May's showers and thunderstorms have given most drought-weary crops in Virginia and Maryland a new lease on life, but sustained rainfall will have to continue into the next two months to help the states' farmers.

"It was just what the doctor ordered," Fauquier County agricultural agent W.C. Brown said yesterday. "But we need 1 to 1 1/2 inches of rain a week to carry on."

After April's record dry spell in Maryland and Virginia, the May showers were welcome. More rain fell in the Washington area yesterday and totals for the area were above May averages, in contrast to the overall averages for Virginia and Maryland. The National Weather Service forecast sunny skies and temperatures in the low-to-mid-80s for the weekend.

National Weather Service forecaster Walter Green said the rainfall for May through Thursday at National Airport totaled 5.46 inches compared to a normal precipitation of 3.48 inches for the month.

Agriculture officials said the sporadic downpours during the past three weeks came too late to help the barley and some wheat crops but did wonders for hay and pasture lands. Corn and peanuts, already in the ground, can use the rain, officials said, and the soil is now loose enough for planting soy beans and tobacco.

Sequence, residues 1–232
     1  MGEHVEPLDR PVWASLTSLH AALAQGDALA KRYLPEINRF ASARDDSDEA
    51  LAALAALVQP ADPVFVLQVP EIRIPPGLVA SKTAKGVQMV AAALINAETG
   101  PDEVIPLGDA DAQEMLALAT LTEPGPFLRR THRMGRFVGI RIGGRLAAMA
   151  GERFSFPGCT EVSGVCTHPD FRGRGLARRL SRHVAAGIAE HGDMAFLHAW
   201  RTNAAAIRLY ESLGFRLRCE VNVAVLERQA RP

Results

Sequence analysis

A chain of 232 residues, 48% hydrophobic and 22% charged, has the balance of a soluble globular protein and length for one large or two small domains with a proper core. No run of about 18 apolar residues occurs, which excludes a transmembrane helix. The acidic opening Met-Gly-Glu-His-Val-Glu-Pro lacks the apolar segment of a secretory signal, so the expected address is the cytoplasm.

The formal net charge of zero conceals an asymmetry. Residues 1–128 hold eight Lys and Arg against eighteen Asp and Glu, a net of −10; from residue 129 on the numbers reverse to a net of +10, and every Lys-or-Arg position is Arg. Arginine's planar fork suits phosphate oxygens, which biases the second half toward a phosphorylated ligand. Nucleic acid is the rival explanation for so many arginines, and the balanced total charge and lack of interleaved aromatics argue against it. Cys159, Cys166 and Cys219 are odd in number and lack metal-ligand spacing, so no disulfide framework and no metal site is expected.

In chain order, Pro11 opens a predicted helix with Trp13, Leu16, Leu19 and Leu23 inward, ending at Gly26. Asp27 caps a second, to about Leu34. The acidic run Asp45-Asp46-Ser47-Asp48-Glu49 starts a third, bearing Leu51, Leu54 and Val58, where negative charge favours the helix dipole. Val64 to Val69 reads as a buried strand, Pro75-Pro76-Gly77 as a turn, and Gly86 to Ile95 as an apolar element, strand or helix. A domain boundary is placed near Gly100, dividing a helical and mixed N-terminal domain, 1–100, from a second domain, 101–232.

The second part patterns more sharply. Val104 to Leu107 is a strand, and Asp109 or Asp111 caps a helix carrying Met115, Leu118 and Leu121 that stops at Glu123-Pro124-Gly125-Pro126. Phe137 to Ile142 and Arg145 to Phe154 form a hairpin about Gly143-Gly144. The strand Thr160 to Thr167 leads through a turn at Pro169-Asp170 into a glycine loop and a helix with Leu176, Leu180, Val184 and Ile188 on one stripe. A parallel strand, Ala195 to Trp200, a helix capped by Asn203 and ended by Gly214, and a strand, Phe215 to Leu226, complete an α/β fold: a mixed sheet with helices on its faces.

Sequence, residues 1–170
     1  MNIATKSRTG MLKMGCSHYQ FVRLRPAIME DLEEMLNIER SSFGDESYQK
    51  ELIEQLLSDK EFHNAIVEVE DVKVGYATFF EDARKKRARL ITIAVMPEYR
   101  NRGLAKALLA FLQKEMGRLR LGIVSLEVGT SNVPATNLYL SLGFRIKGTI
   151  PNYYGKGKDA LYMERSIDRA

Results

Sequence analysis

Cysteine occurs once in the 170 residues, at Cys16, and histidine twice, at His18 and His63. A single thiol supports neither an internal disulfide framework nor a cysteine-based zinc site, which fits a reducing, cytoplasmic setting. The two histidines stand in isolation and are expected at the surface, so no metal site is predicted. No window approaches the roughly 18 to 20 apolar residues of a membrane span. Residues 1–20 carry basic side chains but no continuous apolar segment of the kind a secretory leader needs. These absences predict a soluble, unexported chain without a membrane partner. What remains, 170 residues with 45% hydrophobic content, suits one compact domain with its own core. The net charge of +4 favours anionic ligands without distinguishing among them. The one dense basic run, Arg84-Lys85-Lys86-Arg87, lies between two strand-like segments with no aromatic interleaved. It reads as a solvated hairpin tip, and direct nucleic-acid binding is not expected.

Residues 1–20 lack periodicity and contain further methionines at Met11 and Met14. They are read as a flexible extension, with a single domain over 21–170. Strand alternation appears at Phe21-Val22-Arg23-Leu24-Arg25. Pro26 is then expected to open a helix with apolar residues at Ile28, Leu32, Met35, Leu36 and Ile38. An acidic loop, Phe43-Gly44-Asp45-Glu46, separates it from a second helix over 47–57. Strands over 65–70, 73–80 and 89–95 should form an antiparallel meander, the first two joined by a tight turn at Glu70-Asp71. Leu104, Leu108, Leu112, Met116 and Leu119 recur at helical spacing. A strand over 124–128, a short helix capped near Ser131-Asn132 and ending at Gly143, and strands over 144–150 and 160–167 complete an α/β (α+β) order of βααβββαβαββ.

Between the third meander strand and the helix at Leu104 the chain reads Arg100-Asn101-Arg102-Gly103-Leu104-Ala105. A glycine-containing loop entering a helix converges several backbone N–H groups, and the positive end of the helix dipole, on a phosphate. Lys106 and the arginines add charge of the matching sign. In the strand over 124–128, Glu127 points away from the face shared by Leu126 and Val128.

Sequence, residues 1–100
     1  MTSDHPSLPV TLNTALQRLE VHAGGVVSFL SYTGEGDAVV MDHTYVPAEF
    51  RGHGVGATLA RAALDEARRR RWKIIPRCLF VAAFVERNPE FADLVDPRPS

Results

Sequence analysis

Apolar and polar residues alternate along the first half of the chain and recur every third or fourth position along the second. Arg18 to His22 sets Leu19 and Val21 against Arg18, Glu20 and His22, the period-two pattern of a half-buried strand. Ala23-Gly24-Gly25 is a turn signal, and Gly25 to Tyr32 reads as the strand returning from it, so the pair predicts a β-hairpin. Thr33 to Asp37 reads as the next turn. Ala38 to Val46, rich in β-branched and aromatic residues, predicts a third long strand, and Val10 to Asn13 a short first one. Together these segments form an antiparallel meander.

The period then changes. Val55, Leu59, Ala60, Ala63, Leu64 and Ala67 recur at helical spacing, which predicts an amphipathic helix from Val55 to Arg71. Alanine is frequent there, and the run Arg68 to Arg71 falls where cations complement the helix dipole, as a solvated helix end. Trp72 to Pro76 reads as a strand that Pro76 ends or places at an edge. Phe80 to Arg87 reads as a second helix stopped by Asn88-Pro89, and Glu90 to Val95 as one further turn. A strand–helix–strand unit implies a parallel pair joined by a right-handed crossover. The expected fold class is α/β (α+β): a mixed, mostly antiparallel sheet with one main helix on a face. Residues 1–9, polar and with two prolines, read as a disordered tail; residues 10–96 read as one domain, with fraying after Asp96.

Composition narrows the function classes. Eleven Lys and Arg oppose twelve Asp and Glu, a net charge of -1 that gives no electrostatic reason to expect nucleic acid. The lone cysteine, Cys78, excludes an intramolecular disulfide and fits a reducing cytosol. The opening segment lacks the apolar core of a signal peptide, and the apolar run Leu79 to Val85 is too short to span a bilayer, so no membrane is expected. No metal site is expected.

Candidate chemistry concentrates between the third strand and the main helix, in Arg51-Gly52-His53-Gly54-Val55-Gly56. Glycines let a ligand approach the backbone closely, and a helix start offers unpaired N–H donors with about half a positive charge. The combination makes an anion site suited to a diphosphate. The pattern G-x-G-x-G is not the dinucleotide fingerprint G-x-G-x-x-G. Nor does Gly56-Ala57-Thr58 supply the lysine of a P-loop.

Unless the rain continues to build up moisture in the ground, they warned that these crops, too, could be in trouble by August.

"Rain is like a bank account," said Tony Evans, coordinator of market news for the Maryland Department of Agriculture. "You have to think about it as long-term deposits and steady, long-term withdrawals."

Officials said they are relieved that the rainfall has been relatively gentle on the sun-baked earth. A hard rainfall after a prolonged drought can cause serious runoff.

Homer Rowley of the Virginia Department of Agriculture said rainfall has been well below normal at most reporting stations in the state since August. As of last week at Dulles International Airport, he said, there had been only 2.14 inches of rain during May compared to a normal precipitation in May of 3.6 inches.

Maryland's Evans said that although May "has been good to us, technically, a large part of the state is in a drought situation."

The rain, he said, "couldn't have come at a better time, but we still don't have major reserves."

Southern Maryland and the Eastern Shore are in particular distress following April, he said, a period in which the state received only six-tenths of an inch of rain during the whole month. From March through May 24, he said, rainfall has been 3 to 4 inches below normal at most reporting stations.